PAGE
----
Yesterday I went to see the movie Dream Girls with my two daughters–ages 10 and 13. I personally experienced every emotion possible. I laughed, cried (unashamably), got angry, felt sorrow and regret, and in the end felt I had been treated to an event well worth the price of admission.
It was wonderful to view motion picture entertainment with a dominant Black cast that did not feature violence, sex, and all the stereotypes that reinforce how we are perceived–even to ourselves! Nor did it carry a theme of victimhood or reparations for past injustices. To me, it was a real-life story of the struggles that human beings face when driven to simultaneouly achieve success and happiness.
It also featured the attitude of success necessary to successfully compete on an uneven playing field. And the breakthroughs made by past entertainers in the music industry–which appears to be highly cut-throat. They were the Giants that paved the way for the opportunities many of us have today–sometimes without proper recognition and acknowledgement. (The Ray Charles movie was similar in this respect)
Most of all, it was a basic story about the human experience that we can all identify with irrespective of race, ethnicity, or national origin. After all, we all have “a story.” And that story is filled with successes, failures, disappointments, regrets, and ultimately triumph of the human spirit. Think how boring the human experience would be without all of these! One thing I’ve always said is when I choose to die, this body will be completely used up. It will not still have the price tag on it!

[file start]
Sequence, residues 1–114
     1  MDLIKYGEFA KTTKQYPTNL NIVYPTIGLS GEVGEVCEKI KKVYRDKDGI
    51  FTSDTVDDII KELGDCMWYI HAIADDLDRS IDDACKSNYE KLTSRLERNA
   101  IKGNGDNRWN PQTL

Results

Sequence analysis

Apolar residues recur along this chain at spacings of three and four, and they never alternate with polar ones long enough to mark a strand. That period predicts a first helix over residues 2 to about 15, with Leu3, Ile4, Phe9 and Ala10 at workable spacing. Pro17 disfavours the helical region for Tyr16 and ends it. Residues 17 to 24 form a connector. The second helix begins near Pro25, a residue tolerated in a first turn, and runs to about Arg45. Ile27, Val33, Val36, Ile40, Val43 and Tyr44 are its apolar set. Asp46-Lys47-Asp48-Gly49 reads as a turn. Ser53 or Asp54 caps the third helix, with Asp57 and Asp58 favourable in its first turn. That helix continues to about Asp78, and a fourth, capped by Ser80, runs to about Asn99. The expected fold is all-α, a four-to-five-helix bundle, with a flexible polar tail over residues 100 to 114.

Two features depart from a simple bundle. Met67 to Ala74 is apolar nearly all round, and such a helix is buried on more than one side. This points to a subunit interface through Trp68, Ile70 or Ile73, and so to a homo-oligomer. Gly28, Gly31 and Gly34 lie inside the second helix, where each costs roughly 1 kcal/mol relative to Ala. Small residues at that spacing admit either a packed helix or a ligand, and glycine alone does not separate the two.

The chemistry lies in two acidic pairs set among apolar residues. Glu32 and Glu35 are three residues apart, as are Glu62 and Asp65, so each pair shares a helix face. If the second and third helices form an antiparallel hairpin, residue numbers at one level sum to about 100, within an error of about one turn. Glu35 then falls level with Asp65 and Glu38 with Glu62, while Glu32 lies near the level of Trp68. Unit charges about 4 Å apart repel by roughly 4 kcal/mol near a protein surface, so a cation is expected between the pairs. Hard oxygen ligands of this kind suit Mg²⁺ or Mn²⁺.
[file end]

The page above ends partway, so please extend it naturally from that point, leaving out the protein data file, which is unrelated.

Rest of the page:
Most all, the movie was not an updated form of “Amos and Andy.” Where we were originally allow entre into the entertainment business in roles of “stereotypical humor.” Like Martin Luther King said in one of his speeches, “I don’t choose to scratch where I don’t itch or laugh when something isn’t funny!” I’m not sure how many of the majority population support us in this role of human beings having real life experiences (in terms of box-office attendance), but Eddie Murphy did win a Golden Globe Award for Supporting Actor.
Most of all, I could see my life flash by in almost every scene and acting role. I am also clear that the feelings and emotions I experienced were my own, not the actors on the screen. I told my girls it was a wonderful, powerful, and very cheap workshop.